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Preliminary numbers released Monday showed a slight dip in the percentage of students passing New York’s new high school equivalency exam, while the number of New Yorkers taking the test dropped by almost half from two years ago.

In 2014, about 50 percent of New Yorkers who took the new exam passed, down from 54 percent of those who took former exam, the GED, in 2012. The number of test takers last year dropped to 24,442, down 45 percent from 44,200 in 2012.

(In 2013, the last year of the more familiar and formerly less difficult GED exam, the number of test takers surged to 52,934, the most since 2008, and 59 percent passed.)

Last year, new high school equivalency exams were introduced nationwide in an effort to update the decade-old General Educational Development (GED) test and align it with new high school standards, known as the Common Core, adopted by a majority of states. A few states, including New York, opted out of the revised GED and are administering a new alternative — the Test Assessing Secondary Completion, or TASC — also linked to Common Core.

While the revised GED has a $120 price tag and must be taken on a computer, the 2014 TASC costs only $54 for the complete exam, can still be taken on paper and will incorporate the new tougher standards more gradually over three years.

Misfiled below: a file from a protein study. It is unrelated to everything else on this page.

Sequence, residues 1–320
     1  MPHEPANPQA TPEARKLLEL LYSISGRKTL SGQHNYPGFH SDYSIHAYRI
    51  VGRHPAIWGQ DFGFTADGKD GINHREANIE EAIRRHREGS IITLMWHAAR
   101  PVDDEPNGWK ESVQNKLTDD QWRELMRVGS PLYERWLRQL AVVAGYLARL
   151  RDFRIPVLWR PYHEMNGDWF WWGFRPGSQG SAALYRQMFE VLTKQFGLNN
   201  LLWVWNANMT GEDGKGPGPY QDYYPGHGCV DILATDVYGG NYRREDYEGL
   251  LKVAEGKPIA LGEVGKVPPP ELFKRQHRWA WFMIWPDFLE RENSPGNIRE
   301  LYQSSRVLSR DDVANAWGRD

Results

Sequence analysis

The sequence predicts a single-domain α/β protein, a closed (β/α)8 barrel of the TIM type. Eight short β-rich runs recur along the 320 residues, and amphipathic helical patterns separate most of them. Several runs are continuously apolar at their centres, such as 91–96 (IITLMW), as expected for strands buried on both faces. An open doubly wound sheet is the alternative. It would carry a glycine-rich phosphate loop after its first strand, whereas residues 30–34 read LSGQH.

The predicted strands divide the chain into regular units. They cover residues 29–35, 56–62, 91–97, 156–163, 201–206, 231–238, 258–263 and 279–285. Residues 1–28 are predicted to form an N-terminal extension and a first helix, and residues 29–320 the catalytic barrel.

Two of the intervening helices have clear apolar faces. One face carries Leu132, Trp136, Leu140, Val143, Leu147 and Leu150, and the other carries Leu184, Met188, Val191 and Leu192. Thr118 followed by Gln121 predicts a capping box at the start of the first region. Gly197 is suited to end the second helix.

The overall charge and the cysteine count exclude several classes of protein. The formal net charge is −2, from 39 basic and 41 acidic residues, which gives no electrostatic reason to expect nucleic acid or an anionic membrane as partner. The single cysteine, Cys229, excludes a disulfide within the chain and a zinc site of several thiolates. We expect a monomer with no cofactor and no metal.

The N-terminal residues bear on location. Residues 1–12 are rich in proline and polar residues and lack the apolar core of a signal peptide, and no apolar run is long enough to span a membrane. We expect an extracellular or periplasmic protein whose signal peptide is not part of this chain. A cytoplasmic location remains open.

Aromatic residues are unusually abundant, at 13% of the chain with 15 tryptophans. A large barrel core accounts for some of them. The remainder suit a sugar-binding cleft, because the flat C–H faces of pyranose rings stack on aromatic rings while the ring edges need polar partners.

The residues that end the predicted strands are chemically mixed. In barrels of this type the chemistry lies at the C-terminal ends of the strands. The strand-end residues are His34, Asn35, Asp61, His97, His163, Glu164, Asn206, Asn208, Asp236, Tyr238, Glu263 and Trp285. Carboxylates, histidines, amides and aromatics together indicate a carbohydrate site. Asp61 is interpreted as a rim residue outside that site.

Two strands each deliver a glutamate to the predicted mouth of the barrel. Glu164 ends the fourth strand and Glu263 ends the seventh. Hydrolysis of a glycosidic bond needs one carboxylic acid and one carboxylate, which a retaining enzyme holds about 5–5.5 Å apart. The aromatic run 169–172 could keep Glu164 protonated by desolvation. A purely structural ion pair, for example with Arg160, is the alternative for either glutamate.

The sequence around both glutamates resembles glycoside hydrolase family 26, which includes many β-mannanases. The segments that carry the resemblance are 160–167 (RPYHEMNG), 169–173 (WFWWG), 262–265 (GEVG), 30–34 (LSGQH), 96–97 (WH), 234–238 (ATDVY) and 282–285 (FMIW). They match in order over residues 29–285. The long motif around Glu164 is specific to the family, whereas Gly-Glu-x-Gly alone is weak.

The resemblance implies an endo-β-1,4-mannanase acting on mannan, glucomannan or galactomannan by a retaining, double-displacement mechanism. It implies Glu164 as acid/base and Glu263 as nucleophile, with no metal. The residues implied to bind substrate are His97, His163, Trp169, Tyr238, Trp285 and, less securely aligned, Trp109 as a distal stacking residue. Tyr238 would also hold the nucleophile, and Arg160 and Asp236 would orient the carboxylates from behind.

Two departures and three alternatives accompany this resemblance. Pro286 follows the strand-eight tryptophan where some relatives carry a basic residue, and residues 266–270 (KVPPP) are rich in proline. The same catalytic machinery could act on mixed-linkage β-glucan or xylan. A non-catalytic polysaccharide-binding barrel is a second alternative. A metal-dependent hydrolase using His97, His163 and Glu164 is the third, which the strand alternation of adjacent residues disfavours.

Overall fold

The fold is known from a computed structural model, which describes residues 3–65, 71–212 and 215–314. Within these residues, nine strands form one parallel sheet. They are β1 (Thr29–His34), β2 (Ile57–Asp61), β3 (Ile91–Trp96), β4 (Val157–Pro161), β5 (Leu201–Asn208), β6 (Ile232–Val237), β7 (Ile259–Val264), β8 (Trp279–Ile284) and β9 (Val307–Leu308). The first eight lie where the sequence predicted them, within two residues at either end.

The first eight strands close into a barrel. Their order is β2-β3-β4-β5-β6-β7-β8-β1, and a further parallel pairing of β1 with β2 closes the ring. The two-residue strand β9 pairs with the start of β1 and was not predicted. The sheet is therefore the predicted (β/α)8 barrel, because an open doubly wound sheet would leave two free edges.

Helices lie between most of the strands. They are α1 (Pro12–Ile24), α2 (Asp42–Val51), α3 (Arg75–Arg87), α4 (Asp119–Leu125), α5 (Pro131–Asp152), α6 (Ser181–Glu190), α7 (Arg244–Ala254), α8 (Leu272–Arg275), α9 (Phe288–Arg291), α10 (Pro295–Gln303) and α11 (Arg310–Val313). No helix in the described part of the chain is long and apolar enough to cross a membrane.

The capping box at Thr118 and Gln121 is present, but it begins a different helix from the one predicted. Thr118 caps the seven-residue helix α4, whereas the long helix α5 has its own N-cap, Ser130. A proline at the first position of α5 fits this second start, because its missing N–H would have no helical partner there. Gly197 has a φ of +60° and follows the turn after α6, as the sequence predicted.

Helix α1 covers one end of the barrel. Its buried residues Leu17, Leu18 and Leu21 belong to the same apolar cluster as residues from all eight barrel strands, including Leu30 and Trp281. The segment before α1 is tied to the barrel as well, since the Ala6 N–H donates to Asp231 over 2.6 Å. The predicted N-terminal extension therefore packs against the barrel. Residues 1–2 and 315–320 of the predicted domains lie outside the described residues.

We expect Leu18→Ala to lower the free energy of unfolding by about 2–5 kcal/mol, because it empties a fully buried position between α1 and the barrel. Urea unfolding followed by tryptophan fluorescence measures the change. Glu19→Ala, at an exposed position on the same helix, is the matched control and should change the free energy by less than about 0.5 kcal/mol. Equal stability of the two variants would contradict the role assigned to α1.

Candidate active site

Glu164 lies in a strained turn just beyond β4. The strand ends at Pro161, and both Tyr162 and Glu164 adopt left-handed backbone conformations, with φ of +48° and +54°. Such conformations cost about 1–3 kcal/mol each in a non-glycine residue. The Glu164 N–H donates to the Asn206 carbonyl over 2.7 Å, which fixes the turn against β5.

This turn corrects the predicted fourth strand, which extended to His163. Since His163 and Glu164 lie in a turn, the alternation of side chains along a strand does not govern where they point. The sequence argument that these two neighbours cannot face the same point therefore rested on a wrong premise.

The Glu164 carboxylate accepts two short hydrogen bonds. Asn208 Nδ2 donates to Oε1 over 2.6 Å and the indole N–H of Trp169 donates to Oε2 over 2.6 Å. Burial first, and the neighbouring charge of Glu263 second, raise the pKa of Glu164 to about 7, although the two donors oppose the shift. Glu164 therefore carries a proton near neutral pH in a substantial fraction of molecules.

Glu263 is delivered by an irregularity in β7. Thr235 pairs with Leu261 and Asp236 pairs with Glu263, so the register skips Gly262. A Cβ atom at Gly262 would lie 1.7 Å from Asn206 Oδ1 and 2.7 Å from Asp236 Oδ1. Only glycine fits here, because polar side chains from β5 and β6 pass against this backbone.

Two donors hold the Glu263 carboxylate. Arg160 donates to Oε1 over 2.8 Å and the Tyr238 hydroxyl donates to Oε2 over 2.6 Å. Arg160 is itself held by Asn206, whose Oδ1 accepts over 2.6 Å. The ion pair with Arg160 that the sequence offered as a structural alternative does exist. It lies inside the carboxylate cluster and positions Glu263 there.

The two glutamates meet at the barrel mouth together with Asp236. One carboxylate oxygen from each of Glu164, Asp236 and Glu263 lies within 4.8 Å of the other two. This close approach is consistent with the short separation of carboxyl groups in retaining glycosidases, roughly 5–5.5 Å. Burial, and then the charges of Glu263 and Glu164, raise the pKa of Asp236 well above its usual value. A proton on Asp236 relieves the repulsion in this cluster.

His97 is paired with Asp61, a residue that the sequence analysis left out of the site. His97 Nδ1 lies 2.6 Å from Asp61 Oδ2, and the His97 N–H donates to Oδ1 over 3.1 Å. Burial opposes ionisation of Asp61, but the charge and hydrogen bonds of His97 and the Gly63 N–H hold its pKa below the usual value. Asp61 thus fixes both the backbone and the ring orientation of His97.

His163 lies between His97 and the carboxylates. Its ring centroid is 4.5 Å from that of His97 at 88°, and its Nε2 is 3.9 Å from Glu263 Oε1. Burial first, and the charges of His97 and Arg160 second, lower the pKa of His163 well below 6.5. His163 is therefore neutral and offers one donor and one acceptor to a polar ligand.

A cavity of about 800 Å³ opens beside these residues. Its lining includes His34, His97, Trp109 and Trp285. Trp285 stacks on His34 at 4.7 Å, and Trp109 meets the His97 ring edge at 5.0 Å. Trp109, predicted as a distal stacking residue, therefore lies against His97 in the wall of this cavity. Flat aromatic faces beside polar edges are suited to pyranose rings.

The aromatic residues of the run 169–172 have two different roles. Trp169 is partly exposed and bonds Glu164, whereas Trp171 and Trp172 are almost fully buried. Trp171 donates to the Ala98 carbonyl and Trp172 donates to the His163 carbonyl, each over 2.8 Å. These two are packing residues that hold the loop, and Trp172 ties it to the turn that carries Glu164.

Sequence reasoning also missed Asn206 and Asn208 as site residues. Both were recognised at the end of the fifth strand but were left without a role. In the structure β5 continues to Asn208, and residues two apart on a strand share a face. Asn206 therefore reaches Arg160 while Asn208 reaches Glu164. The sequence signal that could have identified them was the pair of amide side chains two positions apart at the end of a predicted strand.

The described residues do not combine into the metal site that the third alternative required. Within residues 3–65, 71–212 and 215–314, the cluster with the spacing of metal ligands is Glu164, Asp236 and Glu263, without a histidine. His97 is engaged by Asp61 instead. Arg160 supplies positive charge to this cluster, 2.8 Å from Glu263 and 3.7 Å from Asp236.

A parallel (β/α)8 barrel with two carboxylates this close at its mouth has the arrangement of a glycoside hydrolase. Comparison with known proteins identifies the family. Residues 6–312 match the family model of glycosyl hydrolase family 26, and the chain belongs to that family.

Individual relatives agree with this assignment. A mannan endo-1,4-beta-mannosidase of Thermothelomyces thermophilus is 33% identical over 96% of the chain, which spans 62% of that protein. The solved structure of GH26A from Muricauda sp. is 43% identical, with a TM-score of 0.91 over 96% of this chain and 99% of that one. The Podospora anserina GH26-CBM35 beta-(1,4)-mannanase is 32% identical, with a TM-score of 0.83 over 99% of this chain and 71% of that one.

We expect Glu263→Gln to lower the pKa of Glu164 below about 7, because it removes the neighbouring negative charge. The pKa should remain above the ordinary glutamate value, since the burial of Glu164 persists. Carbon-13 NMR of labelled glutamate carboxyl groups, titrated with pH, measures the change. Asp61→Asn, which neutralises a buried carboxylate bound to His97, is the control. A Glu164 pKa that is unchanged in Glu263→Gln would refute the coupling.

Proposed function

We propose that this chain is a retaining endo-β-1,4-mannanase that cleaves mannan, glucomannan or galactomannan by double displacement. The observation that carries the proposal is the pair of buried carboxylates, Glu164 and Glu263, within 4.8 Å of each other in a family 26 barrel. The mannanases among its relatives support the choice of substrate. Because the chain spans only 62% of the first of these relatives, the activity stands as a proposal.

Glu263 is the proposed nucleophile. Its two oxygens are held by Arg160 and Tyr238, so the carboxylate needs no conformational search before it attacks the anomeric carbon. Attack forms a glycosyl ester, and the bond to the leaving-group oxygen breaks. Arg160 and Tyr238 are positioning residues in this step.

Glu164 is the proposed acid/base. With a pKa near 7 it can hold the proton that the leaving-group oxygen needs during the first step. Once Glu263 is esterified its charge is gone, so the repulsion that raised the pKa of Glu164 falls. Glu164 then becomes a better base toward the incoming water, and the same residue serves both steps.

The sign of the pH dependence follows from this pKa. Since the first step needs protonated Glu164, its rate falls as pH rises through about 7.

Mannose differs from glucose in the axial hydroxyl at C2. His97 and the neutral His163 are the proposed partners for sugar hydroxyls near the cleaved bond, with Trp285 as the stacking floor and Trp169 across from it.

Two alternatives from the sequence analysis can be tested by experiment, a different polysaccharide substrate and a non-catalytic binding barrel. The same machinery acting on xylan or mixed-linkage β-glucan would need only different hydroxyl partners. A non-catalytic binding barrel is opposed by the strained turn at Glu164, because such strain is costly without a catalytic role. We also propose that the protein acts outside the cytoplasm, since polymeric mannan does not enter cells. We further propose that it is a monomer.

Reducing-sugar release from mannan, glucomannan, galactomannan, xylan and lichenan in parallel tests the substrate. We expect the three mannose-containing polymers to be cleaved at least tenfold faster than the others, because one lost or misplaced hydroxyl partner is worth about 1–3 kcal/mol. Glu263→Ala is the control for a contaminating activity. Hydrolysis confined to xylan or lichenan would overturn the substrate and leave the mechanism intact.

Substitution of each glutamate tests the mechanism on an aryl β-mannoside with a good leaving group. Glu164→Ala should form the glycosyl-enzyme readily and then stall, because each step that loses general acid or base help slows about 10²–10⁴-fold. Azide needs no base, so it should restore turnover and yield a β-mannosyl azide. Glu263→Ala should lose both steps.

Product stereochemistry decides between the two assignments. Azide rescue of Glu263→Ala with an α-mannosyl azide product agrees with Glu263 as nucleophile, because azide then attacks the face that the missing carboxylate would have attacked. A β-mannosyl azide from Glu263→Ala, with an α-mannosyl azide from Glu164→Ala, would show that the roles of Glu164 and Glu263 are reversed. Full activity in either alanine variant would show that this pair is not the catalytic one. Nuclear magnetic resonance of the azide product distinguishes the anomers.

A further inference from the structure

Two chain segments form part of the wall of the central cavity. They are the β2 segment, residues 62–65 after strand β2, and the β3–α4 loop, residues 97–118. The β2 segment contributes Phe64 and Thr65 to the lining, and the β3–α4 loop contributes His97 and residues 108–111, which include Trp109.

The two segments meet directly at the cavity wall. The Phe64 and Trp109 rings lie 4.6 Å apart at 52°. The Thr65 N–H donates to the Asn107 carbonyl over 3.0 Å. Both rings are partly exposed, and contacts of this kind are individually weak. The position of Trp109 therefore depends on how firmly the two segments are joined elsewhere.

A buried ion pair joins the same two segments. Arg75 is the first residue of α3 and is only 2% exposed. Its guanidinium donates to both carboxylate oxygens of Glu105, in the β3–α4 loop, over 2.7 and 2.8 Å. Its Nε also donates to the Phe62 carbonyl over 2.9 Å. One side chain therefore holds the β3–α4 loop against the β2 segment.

In 2014, about 50 percent of New Yorkers who took the new high school equivalency exam passed, down from 54 percent of those who took former exam, the GED, in 2012.

“It’s a good test,” New York State Education Deputy Commissioner Kevin Smith said Monday, while acknowledging that some improvements are still necessary.

“We hear all the time that there are questions on this exam that are way too difficult and are not appropriate, even for the traditional high school system,” he said.

Related: The GED is out and Common Core is in

A report from Smith to the state Board of Regents released Monday states that the agency has worked closely with McGraw-Hill, the company that designed the test, to give guidance on the content and difficulty of the exam. The impact of that input “should be seen in the 2015 and 2016 versions of the test,” the report states. A new version of the test will be released by McGraw-Hill in the next few months; there will also be “minor changes” to the scores required to pass the exam.

“If you’re asking me if I think we should invest more in this population — yes, yes, a thousand times yes.”

While pass rates in New York are lower than the national average (50 percent compared with 60 percent nationally), state officials note that the overall decline in scores on the high school equivalency exam statewide was about four percentage points, much less than the decline in states where the GED was offered. Similarly, while the number of New York test takers declined in 2014 by 45 percent compared with 2012, the number of test takers in states offering the GED dropped by an average of 63 percent.

The report also acknowledges the challenge of preparing 5,500 adult education instructors to teach the new tougher standards. So far, the report states, 49 Master Teachers have been trained who, in turn, have trained 662 instructors.

Smith said more resources would help to bring pass rates up.

“If you’re asking me if I think we should invest more in this population,” said Smith. “Yes, yes, a thousand times yes.”

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